Jason Raducha and Claudio Urciuoli of Noble Bread: "We're Making It the Hardest Way Possible"
Jason Raducha and Claudio Urciuoli
Lauren Saria Claudio Urciuoli (left) and Jason Raducha of Noble Bread.
Artisan bread is hot right now. But for the guys behind Noble Bread, it's not about the trend. It's about reconnecting to the way things used to be done, using a stone hearth and stone-ground heritage grains to make naturally leavened bread of a quality that's rarely seen today.
Read part two of this interview here.
The two halves of this small-scale baking operation are Jason Raducha and Claudio Urciuoli, who have been friends for more than half a decade. They went into the baking business together about a year ago, after Urciuoli stepped down from his role as executive chef of Noca in Phoenix. Before the duo joined forces Raducha had already launched Noble Bread after running a successful Kickstarter campaign to raise $20,000 for a wood fired mobile bread oven.
Courtesy of Noble Bread A loaf of Noble Bread.
It was ovens that originally got Raducha into the baking business. Though he used to be an IT guy, he says he always had a passion for the culinary arts and used to buy wood burning ovens and sell them to friends and acquaintances. That passion project led to his involvement in importing Italian food products, which is how he met Urciuoli, who was working at Prado at the time.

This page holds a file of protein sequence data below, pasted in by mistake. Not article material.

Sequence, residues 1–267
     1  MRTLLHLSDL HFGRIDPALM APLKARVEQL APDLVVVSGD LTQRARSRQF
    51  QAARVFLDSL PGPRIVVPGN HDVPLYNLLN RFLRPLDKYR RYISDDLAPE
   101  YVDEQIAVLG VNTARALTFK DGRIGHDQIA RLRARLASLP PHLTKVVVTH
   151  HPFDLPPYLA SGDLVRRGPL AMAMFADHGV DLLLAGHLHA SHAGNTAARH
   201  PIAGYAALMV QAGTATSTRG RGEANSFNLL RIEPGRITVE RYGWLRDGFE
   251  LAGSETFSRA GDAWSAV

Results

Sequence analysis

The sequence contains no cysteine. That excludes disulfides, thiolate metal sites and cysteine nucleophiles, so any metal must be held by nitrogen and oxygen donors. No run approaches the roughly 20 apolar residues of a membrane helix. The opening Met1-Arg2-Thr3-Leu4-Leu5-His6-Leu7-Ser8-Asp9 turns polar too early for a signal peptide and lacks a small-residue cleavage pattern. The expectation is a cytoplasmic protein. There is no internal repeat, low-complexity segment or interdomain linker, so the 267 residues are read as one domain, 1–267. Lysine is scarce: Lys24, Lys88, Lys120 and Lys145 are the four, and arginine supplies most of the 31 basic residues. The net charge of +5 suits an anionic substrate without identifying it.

Back then it was all about pizza, at least for Raducha, who was using the wood burning ovens to cook at home. And though the focus has now switched to bread, Rachucha and Urciuoli -- who added pizza to the menu at Noca while he was executive chef there -- still keep their hands in the pizza game from time to time. Just last week Noble hosted a pizza party at Maya's Farm in Phoenix. They do catering gigs, too, when there's a demand.
These days Raducha and Urciuoli are making between 700 and 800 loaves of Noble Bread every week. They sell artisan breads at local farmers markets, as well directly to local restaurants including Scottsdale's FnB. And believe it or not, they're still baking out of Raducha's 600-square-foot garage, which houses the massive French deck oven they use now.
Each time Raducha and Urciuoli bake they make three different types of bread. The selection always includes their Country Loaf, the bread for which the bakery is most well-known (though Urciuoli likes to point out that it's a very traditional style of loaf that's been made for generations). The other loaves will change just about every bake but tend to be made from alternative grains.
There are several things that set a loaf of Noble Bread -- be it Country Loaf or one of their more specialty varieties -- apart from what you'll find everywhere else.
"We're making it the hardest way possible," says Raducha.